Velocity Reviews > Logic behind the program

Logic behind the program

ravi
Guest
Posts: n/a

 08-29-2007
Hello,
the code below calculate the number of bits set in an unsigned
integer.
Can you explain me the logic behind the code?

unsigned int x = Some number;

x=(0xaaaaaaaa&x)>>1+(0x55555555&x);
x=(0xcccccccc&x)>>2+(0x33333333&x);
x=(0xf0f0f0f0&x)>>4+(0x0f0f0f0f&x);
x=(0xff00ff00&x)>>8+(0x00ff00ff&x);
x=x>>16+(0x0000ffff&x));

Walter Roberson
Guest
Posts: n/a

 08-29-2007
In article <(E-Mail Removed) m>,
ravi <(E-Mail Removed)> wrote:
>the code below calculate the number of bits set in an unsigned
>integer.
>Can you explain me the logic behind the code?

>unsigned int x = Some number;

>x=(0xaaaaaaaa&x)>>1+(0x55555555&x);
>x=(0xcccccccc&x)>>2+(0x33333333&x);
>x=(0xf0f0f0f0&x)>>4+(0x0f0f0f0f&x);
>x=(0xff00ff00&x)>>8+(0x00ff00ff&x);
>x=x>>16+(0x0000ffff&x));

That code has floated around a long time, and you could
probably find an explanation for it in the archives.

But you are incorrect that it calculates the number of
bits set in an unsigned integer. It only calculates
the number of bits set in 32 bit unsigned integers.
If your unsigned integers are wider than that, it will
not work.

--
Prototypes are supertypes of their clones. -- maplesoft

Jack Klein
Guest
Posts: n/a

 08-30-2007
On Wed, 29 Aug 2007 15:40:33 +0000 (UTC), http://www.velocityreviews.com/forums/(E-Mail Removed)-cnrc.gc.ca
(Walter Roberson) wrote in comp.lang.c:

> In article <(E-Mail Removed) m>,
> ravi <(E-Mail Removed)> wrote:
> >the code below calculate the number of bits set in an unsigned
> >integer.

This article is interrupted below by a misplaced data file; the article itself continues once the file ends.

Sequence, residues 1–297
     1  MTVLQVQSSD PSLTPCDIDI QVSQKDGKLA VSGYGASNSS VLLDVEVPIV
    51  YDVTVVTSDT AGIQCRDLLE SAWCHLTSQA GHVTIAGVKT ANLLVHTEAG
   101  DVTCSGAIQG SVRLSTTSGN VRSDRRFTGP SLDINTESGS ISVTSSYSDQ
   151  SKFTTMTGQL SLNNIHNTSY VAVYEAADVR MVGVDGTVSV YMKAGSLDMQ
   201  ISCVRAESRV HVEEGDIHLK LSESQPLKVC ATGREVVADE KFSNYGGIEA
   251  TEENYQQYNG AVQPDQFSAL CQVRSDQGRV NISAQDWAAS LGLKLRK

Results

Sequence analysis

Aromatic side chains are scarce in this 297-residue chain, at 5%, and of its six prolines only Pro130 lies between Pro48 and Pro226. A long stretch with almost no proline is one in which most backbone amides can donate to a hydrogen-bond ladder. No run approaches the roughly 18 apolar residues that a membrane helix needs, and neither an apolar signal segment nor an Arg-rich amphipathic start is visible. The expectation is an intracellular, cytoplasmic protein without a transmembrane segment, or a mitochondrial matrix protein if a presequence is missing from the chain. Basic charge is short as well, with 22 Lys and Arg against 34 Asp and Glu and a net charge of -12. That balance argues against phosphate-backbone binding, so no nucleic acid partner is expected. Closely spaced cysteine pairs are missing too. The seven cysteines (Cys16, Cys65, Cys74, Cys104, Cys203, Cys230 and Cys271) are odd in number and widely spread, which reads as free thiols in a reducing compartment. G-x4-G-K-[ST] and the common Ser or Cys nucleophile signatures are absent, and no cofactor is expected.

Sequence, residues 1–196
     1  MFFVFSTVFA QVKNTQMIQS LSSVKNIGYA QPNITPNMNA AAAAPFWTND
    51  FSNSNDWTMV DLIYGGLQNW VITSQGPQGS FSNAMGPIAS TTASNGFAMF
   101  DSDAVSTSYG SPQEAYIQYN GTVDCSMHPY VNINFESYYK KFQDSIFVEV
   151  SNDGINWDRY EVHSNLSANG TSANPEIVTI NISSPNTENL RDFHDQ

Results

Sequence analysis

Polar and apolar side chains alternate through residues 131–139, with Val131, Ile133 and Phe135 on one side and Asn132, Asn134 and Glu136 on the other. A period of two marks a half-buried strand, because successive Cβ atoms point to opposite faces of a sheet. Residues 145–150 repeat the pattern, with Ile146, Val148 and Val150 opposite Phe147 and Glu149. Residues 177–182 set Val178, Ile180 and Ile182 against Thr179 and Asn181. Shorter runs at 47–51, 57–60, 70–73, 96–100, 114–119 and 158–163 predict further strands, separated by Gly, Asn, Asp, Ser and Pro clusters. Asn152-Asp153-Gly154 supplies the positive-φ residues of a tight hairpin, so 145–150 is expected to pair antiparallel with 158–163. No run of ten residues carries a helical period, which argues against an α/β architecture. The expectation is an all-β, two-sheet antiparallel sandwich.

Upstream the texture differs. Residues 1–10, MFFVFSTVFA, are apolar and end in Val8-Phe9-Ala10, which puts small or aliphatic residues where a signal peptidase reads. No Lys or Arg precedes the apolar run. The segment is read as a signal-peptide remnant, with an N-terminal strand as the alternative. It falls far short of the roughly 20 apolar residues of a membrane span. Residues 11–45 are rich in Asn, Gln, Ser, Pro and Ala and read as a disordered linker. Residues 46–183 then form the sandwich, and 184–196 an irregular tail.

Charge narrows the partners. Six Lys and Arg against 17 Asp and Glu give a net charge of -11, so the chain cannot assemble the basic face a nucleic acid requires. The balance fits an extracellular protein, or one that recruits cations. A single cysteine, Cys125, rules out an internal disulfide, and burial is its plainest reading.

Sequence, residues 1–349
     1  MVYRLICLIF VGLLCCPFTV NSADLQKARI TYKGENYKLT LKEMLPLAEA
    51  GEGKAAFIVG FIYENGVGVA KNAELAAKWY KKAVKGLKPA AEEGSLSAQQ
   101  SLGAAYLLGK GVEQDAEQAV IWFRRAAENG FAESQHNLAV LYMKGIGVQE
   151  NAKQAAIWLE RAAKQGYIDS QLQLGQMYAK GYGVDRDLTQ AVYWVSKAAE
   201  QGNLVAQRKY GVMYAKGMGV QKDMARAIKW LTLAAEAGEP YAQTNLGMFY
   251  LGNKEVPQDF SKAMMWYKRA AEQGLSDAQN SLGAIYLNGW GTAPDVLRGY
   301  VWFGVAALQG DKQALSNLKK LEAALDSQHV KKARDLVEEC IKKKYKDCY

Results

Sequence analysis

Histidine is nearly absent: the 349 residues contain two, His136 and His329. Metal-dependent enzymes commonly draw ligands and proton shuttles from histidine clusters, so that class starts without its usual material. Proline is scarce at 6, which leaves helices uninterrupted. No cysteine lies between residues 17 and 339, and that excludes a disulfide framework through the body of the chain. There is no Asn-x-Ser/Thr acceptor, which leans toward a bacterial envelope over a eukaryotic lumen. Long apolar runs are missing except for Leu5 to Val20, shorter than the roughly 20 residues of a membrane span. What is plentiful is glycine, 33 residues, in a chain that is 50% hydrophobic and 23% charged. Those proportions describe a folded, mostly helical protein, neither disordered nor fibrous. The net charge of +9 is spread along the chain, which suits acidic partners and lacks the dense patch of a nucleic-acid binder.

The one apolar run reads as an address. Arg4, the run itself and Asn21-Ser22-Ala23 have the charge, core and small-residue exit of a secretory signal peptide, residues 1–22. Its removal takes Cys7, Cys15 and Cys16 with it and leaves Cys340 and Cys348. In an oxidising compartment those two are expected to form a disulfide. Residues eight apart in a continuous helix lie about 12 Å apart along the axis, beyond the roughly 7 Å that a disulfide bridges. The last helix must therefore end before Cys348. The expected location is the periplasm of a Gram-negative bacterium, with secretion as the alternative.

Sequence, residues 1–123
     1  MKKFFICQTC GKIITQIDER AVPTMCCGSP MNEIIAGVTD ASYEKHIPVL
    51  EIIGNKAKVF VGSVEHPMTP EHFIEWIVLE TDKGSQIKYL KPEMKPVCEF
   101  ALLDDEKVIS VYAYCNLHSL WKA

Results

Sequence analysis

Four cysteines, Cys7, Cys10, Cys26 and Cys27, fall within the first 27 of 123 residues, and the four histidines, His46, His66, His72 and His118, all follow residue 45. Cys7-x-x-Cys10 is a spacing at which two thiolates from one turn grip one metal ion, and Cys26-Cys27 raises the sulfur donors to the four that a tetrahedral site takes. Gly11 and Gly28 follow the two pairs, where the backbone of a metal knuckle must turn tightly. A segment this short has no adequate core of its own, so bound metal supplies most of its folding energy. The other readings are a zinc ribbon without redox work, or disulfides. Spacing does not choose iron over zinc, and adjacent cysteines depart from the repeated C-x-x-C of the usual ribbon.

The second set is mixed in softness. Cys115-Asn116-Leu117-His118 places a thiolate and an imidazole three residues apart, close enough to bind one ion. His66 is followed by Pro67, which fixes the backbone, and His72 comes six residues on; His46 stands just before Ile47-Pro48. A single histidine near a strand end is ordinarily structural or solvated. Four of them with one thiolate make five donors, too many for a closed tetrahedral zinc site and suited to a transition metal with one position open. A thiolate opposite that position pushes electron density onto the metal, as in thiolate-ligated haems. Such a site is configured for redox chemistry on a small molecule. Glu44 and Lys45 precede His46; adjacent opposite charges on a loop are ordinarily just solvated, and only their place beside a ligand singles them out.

> >Can you explain me the logic behind the code?

>
> >unsigned int x = Some number;

>
> >x=(0xaaaaaaaa&x)>>1+(0x55555555&x);
> >x=(0xcccccccc&x)>>2+(0x33333333&x);
> >x=(0xf0f0f0f0&x)>>4+(0x0f0f0f0f&x);
> >x=(0xff00ff00&x)>>8+(0x00ff00ff&x);
> >x=x>>16+(0x0000ffff&x));

>
> That code has floated around a long time, and you could
> probably find an explanation for it in the archives.
>
> But you are incorrect that it calculates the number of
> bits set in an unsigned integer. It only calculates
> the number of bits set in 32 bit unsigned integers.
> If your unsigned integers are wider than that, it will
> not work.

Platforms with unsigned ints wider than 32 bits are rare but do exist.

On the other hand, platforms with unsigned int narrower than 32 bits
are still very common, although not on the desktop.

On a platform with 24-bit (un)signed ints, and there have been some,
it will produce the correct result.

On a platform with 16-bit (un)signed ints, the code invokes undefined
behavior.

--
Jack Klein
Home: http://JK-Technology.Com
FAQs for
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http://www.club.cc.cmu.edu/~ajo/docs/FAQ-acllc.html

Eric Sosman
Guest
Posts: n/a

 08-30-2007
ravi wrote:
> Hello,
> the code below calculate the number of bits set in an unsigned
> integer.
> Can you explain me the logic behind the code?
>
> unsigned int x = Some number;
>
> x=(0xaaaaaaaa&x)>>1+(0x55555555&x);
> x=(0xcccccccc&x)>>2+(0x33333333&x);
> x=(0xf0f0f0f0&x)>>4+(0x0f0f0f0f&x);
> x=(0xff00ff00&x)>>8+(0x00ff00ff&x);
> x=x>>16+(0x0000ffff&x));

The easiest way to understand it may be to draw
a picture. (Warning: Bad ASCII art for the 8-bit case
follows).

x = abcdefgh[2]
/ \
/ \
a b c d e f g h a b c d e f g h
& 1 0 1 0 1 0 1 0 & 0 1 0 1 0 1 0 1
= a 0 c 0 e 0 g 0 = 0 b 0 d 0 f 0 h
>>1 = 0 a 0 c 0 e 0 g : : : :

\ : : : :
-> + 0 a 0 c 0 e 0 g
= ? ? ? ? ? ? ? ? = y

This is the first step. Can you explain the rightmost
two bits of the final sum in terms of the number of 1's
in the rightmost two bits of the original x? How about
the other three pairs? With that explanation in mind,
can you diagram what happens to y in the next step, and
the significance of its two quartets of bits?

--
Eric Sosman
http://www.velocityreviews.com/forums/(E-Mail Removed)lid

Guest
Posts: n/a

 08-30-2007
ravi wrote:
ravi wrote:
> Hello,
> the code below calculate the number of bits set in an unsigned
> integer.
> Can you explain me the logic behind the code?
>
> unsigned int x = Some number;
>
> x=(0xaaaaaaaa&x)>>1+(0x55555555&x);
> x=(0xcccccccc&x)>>2+(0x33333333&x);
> x=(0xf0f0f0f0&x)>>4+(0x0f0f0f0f&x);
> x=(0xff00ff00&x)>>8+(0x00ff00ff&x);
> x=x>>16+(0x0000ffff&x));

You need to add parentheses around the shift expression for the
calculation to work correctly.

--